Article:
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Prior to the 2021-2022 competition season, I had four years of experience under my belt in TP.  Coming into this year, I didn’t plan to change that at all–I had always done TP, and I certainly didn’t have any plans to switch over to LD my senior year.  But that wound up changing a bit.  Back in September, my partner and I had planned on competing at a certain tournament.  But a couple weeks before the tournament, it surfaced that he wouldn’t be able to come, and I was thus left partnerless and switched to LD (strictly for this one tournament, of course).  Let me make one thing clear at the outset of this article: I don’t claim to be an expert in LD by any stretch of the imagination.  However, I do think that my view on LD is at least somewhat representative of two major demographics in the speech and debate community: one, debaters like me, who spend the bulk of their career in TP and switch over to LD in their last year or two of high school, and two, TP parents; moms and dads whose kids are in TP, who coach TP, and thus have substantially more exposure to TP than LD.  

Thus, in the next few hundred words, I’d like to share my own reflections on LD after having been submerged in it for the first time.  Hopefully my viewpoint will give LDers that may be reading this some insight into the minds of judges and debaters like those described above and allow you to compete more effectively with them/in front of them.

  1. Organizational differences

One thing I’ve noticed is that, for good or bad, LDers seem generally less concerned with organization, and, more specifically, four-point refutation, than TPers.  I found this particularly surprising, since, if anything, dropped arguments are theoretically more critical in LD.  From my point of view, it seems that a well-constructed LD case can’t stand if even one point falls; if you drop the value, your case becomes irrelevant unless you’ve attempted to link your case to your opponent’s framework in the 1AR (which it seems to me isn’t advisable since you already have so much else to do in a four-minute speech); if you drop your criterion, you can’t achieve your value; if you drop one of your contentions, you fail to demonstrate why your side uniquely promotes the value and why your opponent doesn’t.  In contrast, while dropped arguments get quite a bit of attention in TP, I would venture to say that the majority of arguments in TP can’t independently create an aff/neg win.  Aff can always afford to drop a harm if they have another, they can drop a DA if they know they can outweigh it, and neg can, quite literally, drop almost anything as long as they don’t drop everything.  All that to say, I found the lack of direct refutation in LD to be surprising, and I believe I speak for many others with similar competitive and/or judging backgrounds when I say so.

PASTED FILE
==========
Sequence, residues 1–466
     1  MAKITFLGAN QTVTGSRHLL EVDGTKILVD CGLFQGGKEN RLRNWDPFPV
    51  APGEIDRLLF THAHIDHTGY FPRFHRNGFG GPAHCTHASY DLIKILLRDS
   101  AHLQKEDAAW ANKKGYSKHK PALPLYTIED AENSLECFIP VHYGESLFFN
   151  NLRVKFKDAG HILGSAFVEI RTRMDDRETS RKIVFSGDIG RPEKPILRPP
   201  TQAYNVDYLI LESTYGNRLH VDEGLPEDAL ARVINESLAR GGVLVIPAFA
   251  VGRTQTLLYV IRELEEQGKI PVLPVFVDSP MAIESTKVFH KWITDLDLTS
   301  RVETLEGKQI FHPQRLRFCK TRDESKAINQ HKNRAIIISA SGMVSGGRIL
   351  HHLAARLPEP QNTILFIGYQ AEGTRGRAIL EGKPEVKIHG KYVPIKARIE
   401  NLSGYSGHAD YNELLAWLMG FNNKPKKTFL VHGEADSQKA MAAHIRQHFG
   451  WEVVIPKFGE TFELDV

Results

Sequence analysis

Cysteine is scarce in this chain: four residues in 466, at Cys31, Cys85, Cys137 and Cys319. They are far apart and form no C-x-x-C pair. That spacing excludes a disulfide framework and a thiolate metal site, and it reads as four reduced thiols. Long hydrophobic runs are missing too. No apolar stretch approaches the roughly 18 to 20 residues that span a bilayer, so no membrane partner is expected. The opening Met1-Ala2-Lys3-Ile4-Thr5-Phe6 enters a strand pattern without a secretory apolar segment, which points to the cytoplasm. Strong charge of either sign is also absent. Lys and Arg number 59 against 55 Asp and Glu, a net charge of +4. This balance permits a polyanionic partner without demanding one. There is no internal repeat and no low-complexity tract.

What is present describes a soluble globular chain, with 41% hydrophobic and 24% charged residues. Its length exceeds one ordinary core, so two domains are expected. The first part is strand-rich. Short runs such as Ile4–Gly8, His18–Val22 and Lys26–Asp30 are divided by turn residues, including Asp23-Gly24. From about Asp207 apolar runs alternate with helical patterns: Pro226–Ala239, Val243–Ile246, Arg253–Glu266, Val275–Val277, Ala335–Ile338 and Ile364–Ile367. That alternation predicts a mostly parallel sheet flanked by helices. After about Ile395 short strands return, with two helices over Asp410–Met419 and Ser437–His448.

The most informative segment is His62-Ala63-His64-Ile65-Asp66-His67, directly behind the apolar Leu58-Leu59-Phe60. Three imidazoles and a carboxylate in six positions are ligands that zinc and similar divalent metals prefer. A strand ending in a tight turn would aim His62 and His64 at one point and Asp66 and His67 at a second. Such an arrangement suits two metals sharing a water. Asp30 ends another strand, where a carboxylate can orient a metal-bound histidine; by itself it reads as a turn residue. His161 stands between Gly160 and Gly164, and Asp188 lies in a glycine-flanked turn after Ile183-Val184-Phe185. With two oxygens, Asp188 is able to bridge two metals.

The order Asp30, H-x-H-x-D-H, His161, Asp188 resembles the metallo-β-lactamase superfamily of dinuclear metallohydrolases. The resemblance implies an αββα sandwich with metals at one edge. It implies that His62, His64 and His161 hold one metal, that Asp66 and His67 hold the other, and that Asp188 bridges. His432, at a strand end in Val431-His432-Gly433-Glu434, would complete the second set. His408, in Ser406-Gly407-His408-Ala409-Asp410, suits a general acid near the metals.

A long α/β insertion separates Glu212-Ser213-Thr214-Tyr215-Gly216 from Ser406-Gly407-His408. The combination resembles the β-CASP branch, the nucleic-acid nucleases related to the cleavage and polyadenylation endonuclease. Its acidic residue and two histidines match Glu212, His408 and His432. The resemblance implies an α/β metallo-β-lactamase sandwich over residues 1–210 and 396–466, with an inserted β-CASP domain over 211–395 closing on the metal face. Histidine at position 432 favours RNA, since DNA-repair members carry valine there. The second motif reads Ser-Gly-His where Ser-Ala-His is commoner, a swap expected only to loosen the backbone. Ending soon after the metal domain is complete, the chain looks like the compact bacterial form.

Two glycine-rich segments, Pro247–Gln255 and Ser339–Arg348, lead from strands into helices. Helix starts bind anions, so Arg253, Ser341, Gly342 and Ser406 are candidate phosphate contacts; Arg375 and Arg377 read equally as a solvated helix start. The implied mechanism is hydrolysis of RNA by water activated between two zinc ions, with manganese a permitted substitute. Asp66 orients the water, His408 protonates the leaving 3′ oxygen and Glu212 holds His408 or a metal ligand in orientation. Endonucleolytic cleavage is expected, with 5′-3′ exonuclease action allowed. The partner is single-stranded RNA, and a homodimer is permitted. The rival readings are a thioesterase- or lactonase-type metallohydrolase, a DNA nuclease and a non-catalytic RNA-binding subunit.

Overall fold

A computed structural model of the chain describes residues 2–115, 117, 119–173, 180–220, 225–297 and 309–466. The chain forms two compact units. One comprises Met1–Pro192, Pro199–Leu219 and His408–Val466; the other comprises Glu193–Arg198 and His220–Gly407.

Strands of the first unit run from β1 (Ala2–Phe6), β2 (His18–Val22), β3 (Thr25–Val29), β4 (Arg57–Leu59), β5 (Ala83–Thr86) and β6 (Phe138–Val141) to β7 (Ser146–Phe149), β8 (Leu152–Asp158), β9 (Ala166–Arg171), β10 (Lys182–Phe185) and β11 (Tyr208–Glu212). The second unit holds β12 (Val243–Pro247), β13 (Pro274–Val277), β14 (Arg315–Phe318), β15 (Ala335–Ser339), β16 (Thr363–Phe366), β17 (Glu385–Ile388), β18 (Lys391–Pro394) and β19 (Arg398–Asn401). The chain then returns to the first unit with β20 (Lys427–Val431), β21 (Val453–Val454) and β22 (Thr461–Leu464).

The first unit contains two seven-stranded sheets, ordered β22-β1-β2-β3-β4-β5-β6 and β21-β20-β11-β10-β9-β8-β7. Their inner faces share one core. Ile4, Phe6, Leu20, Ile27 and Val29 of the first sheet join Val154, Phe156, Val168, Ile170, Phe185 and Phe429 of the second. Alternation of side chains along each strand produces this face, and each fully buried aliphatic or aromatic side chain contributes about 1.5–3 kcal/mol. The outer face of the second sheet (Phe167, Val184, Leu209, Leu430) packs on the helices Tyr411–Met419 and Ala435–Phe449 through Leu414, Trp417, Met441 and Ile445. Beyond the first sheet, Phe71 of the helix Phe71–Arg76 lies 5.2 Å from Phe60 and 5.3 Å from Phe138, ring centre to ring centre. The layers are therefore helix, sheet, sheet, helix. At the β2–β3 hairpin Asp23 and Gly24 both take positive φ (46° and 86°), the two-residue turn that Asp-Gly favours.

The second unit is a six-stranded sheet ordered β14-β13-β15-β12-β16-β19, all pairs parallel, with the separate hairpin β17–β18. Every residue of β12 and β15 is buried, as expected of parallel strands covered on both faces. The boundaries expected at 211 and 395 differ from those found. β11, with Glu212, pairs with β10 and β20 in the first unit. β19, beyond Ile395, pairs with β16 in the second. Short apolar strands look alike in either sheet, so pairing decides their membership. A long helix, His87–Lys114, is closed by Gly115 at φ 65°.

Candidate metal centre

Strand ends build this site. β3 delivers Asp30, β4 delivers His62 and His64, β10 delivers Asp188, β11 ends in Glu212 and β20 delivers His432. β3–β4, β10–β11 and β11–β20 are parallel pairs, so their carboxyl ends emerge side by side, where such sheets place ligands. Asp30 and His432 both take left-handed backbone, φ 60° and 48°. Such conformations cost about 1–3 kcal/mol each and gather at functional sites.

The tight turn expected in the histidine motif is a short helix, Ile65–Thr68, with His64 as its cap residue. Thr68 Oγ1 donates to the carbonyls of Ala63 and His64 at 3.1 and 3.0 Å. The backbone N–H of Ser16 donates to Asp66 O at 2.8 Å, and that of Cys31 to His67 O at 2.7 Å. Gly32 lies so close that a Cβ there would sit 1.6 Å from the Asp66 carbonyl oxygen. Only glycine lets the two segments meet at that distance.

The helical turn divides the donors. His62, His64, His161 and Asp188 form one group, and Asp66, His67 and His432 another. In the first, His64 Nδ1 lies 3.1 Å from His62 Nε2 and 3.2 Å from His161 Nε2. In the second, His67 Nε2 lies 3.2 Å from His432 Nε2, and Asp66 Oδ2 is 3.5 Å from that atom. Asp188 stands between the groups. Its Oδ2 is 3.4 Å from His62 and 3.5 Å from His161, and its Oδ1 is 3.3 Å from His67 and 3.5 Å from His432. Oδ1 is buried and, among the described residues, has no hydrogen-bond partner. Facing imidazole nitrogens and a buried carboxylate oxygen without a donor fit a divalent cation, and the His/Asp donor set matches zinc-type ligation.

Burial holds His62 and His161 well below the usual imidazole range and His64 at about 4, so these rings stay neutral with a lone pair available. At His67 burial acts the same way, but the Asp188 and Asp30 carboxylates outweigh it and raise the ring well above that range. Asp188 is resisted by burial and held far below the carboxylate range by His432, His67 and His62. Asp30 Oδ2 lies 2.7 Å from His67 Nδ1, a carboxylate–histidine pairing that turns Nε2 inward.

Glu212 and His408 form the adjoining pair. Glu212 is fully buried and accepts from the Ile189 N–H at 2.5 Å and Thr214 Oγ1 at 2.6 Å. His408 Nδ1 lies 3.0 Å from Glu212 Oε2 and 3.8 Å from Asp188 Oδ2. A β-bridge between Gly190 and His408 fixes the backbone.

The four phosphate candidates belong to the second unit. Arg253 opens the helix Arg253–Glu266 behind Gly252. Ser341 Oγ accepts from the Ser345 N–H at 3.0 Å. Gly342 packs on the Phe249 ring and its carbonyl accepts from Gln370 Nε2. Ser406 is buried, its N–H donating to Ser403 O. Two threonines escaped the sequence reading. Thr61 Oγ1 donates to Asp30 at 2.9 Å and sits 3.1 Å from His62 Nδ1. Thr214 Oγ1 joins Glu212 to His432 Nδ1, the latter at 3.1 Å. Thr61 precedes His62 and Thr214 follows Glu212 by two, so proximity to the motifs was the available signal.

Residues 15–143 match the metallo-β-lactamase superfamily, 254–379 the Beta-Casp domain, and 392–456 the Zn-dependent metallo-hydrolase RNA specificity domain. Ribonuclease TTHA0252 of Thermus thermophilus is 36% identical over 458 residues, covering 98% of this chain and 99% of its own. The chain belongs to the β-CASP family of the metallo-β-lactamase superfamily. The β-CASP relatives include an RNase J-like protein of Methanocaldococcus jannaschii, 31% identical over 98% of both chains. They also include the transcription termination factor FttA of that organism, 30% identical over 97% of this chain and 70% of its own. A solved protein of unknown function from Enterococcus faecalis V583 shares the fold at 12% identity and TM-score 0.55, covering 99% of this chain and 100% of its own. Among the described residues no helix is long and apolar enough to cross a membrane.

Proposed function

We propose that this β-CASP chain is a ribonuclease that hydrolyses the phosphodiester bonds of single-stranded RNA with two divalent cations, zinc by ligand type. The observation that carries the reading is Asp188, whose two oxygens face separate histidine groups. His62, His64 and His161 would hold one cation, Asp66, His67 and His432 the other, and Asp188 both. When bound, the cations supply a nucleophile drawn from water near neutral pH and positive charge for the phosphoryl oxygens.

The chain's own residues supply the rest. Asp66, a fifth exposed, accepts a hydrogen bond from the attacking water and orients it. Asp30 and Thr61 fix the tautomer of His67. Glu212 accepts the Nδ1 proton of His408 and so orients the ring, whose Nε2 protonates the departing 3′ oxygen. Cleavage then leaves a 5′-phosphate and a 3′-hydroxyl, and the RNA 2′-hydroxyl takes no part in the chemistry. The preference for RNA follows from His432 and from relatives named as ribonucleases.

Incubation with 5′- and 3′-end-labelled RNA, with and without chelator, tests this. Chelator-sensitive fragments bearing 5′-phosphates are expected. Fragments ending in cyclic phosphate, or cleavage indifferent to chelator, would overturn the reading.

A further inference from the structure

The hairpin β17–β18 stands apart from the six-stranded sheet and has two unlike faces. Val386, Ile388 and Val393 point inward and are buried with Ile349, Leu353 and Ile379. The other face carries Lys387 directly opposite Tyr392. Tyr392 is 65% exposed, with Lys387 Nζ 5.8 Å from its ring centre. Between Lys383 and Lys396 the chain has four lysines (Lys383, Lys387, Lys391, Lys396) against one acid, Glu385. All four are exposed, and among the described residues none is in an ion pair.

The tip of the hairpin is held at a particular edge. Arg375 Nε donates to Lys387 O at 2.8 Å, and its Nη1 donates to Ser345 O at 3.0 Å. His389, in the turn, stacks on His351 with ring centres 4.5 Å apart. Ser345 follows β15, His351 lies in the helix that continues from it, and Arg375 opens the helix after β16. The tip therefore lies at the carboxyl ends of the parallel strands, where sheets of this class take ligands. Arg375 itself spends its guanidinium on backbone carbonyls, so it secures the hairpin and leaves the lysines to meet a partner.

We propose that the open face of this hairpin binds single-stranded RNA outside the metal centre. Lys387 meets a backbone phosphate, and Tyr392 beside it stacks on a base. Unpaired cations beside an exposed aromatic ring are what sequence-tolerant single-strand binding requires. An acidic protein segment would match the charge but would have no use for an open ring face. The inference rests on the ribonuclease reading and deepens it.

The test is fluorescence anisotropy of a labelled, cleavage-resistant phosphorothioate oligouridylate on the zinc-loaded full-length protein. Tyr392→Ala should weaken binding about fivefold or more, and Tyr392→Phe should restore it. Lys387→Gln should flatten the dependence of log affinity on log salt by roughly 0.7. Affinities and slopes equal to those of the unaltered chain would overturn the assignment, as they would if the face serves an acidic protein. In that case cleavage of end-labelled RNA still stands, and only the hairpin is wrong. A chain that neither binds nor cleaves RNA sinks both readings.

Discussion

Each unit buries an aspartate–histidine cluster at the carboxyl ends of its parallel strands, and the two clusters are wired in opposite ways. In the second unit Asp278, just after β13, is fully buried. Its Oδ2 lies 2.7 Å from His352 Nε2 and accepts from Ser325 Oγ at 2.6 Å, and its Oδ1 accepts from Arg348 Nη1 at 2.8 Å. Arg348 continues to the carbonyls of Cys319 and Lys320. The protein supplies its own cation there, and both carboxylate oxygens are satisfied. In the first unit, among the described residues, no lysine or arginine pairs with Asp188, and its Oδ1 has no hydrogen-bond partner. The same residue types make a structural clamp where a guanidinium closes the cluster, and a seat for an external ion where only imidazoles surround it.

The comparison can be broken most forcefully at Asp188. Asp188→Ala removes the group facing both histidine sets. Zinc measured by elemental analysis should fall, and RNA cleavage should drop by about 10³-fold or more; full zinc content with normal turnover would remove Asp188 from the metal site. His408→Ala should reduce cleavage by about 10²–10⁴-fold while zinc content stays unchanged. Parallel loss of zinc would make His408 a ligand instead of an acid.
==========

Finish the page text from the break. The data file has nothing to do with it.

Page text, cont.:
1. No-Impact Definition Debates

Admittedly, definition debates arise far more frequently in LD than TP.  However, it seems to me that there’s a problem with the way that these arguments are carried out: I would venture to say that they’re unnecessary more often than not.  Hear me out: most LDers seem to view definitions like darts being thrown at a dartboard.  The closer they are to the center, the fairer and more accurate they are.  Naturally, they believe that their definitions are right at the center of the bullseye, and thus, they’re prepared to explain why any and every definition other than theirs is inferior; after all, in their minds, any definition that’s not theirs can’t be at the center since the center is already taken.  And if this were an accurate way to view interactions between definitions, then frequent definition debates would make sense–but I don’t think it is.  Think instead of definitions like you’re playing ring toss.  The peg at the center of the target represents perfect accuracy, and you’re trying to get your ring as close to the peg as possible.  But the issue is that every definition is still somewhat ambiguous; there are any number of ways to interpret it; although the ring only covers a small portion of the entire target, it doesn’t cover a specific point.  The “true” definition of a term, therefore, could be anywhere inside the ring.  And presumably, you, as the debater who brought up that definition, are prepared to defend any interpretation of that definition that’s inside the ring.  Thus, if and when your opponent presents a different definition, your first instinct ought to be to determine if the two definitions, if the two “rings,” overlap at all; you ought to see if there’s an interpretation that both sides can agree on.  If there is, explicitly identify that point of agreement the first chance you get.  

And to clarify again before you blast me in the comments: I don’t claim to be an authority on LD, and if you disagree with me, there’s a good chance you’re right.  But regardless of whether I’m right, it’s likely that many judges are viewing LD rounds through the lenses that I’ve described above, and I do hope that this article can help you to understand where they’re coming from and to allow you to debate more effectively in front of them.


Ben Brown is the blog manager for Ethos Debate LLC. He has competed in Team Policy debate for four years, ranking in the top 16 nationally every year of his high school career in addition to having obtained a smattering of national placings in speech. When not debating, Ben can be found wishing he was debating, playing board games, or hanging out with friends and family.

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